Published: December 28, 2007
Full-time book critics approach recreational reading with a head start. We’re already reading for pleasure. We are immersed in books we find appealing, since the nearly 300 books chosen for the daily reviews in The New York Times have been culled from tens of thousands of volumes published each year. Some are chosen for their self-evident importance. Some are terrific sleepers. Even if a book’s foremost quality is its awfulness, a review in these pages means there’s something about it that one of us found noteworthy.
The 10-favorite lists that follow are not 10-best lists. They’re not based strictly on merit. They don’t cite books we admired in the abstract but didn’t particularly like. Nor are they based on comprehensiveness; with so many books afoot, none of us can hope to have a complete overview. Each of us has stayed within the confines of our own reviews published in 2007 and picked the 10 books we covered most avidly — though there is one exception. Because Times critics do not review the work of their Times colleagues, Michiko Kakutani did not review Tim Weiner’s “Legacy of Ashes.” She recommends it nonetheless.
Think of these as lists that leave off the broccoli, figuratively speaking — though we have nothing against broccoli at all. (Michael Pollan’s new pro-vegetable manifesto, “In Defense of Food,” might be on my list were it not for a technicality: Its publication date is Jan. 1, 2008.)
Our tastes and interests are sufficiently different for there to be only one point on which we readily agree: As it becomes possible to rush books into print ever more hastily, editing ain’t what it used to be. “Finding Faith Without Fanatacism” is a misspelled subtitle that actually found its way onto the front cover of a hardbound 2007 book (“You Don’t Have to Be Wrong for Me to Be Right,” by Brad Hirschfield, published by Harmony Books; it has since been corrected). Though there are many candidates for the honor of Year’s Sloppiest Book, the wall-to-wall bloopers in “Pearl Harbor,” a novel by Newt Gingrich and William R. Forschten, warrant special “wretching noises” from us all. The books that follow, in alphabetical order by author, were, in the “Pearl Harbor” vernacular, “all ladened with” better things. —JANET MASLIN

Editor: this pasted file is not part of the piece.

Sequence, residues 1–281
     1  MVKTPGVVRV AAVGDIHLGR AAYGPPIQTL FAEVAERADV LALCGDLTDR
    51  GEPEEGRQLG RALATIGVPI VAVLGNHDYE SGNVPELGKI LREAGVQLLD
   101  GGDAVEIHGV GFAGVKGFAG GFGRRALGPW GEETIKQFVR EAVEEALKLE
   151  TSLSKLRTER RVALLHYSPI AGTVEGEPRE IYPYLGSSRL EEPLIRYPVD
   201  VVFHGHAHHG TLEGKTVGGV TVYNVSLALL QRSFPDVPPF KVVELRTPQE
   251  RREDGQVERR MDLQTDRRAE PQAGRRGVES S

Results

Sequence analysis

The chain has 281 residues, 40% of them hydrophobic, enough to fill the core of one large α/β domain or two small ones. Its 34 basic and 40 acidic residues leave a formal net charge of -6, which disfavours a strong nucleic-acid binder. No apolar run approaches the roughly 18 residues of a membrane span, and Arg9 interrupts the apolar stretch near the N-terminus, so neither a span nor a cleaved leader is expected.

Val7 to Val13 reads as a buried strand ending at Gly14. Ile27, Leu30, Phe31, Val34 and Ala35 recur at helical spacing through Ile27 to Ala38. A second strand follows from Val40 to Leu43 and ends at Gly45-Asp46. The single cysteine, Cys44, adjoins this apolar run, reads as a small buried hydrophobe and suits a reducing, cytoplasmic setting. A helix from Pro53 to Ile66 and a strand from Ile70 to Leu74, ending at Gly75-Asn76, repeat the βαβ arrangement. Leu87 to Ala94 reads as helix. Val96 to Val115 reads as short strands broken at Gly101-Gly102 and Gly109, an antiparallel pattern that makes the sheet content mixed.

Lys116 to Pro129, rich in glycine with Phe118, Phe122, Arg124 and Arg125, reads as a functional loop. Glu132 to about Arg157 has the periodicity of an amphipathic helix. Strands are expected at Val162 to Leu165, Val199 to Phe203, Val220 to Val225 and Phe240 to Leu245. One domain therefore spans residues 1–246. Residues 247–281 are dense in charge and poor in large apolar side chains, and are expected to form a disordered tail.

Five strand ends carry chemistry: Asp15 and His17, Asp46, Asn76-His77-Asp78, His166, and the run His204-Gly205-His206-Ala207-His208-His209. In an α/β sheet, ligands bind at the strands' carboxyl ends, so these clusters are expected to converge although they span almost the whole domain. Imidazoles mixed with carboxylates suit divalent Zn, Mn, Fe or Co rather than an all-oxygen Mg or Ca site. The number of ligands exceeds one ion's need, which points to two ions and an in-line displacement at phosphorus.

HOUSE OF MEETINGS by Martin Amis. This harrowing, deeply affecting novel recounts the story of two brothers interned at one of Stalin’s slave labor camps, taking the reader on a frightening journey deep into the heart of darkness that was the Soviet gulag.
THE SECOND CIVIL WAR: HOW EXTREME PARTISANSHIP HAS PARALYZED WASHINGTON AND POLARIZED AMERICA by Ronald Brownstein. A veteran political reporter provides a shrewd election-year assessment of the growing partisanship in American politics, looking at the roots of this polarization and its alarming consequences for the country at large.
THE YIDDISH POLICEMEN’S UNION by Michael Chabon. A clever, engaging and fully imagined epic cum detective story based on this historical what if: What if a temporary safe haven for Jews had been created in Alaska in the wake of the Holocaust?
NIXON AND KISSINGER: PARTNERS IN POWER by Robert Dallek. A fascinating portrait of President Richard M. Nixon and his chief foreign policy honcho, Henry A. Kissinger, a book that not only deftly deconstructs their emotionally fraught relationship and their policy making on Vietnam, the Middle East and China, but also underscores the historical lessons of their decisions and missteps.
THE BRIEF WONDROUS LIFE OF OSCAR WAO by Junot Díaz. A dazzling debut novel that unfolds from a comic portrait of a second-generation Dominican geek into an unnerving meditation on Dominican history and the relationship between political and personal dreams and losses.
THE UNKNOWN TERRORIST by Richard Flanagan. This Tasmanian novelist has written a dark, unsparing thriller about a case of mistaken identity, using his Hitchcockian heroine’s plight as a launching pad for an examination of a post-9/11 world in which fear is a valued commodity for terrorists and governments alike.
WHEN A CROCODILE EATS THE SUN: A MEMOIR OF AFRICA by Peter Godwin. A haunting and deeply evocative memoir about a writer’s discoveries about his father’s hidden past and his family’s life in Zimbabwe, a country that has seen its bright post-revolution dreams of a multiracial society give way to violent hatred and strife.
SCHULZ AND PEANUTS by David Michaelis. A revealing and sympathetic new biography of the creator of “Peanuts,” which highlights the autobiographical sources of the cartoonist’s art: how Charles M. Schulz gave his own wishy-washiness and determination to Charlie Brown, his sarcasm and anger to Lucy, his dignity and “weird little thoughts” to Linus and his frustrations and daydreams to Snoopy.
THE NINE: INSIDE THE SECRET WORLD OF THE SUPREME COURT by Jeffrey Toobin. A vivid narrative of the Supreme Court’s recent history and an intimate portrait of the individual justices that shows how personality, judicial philosophy and personal alliances can inform decisions that affect the entire country.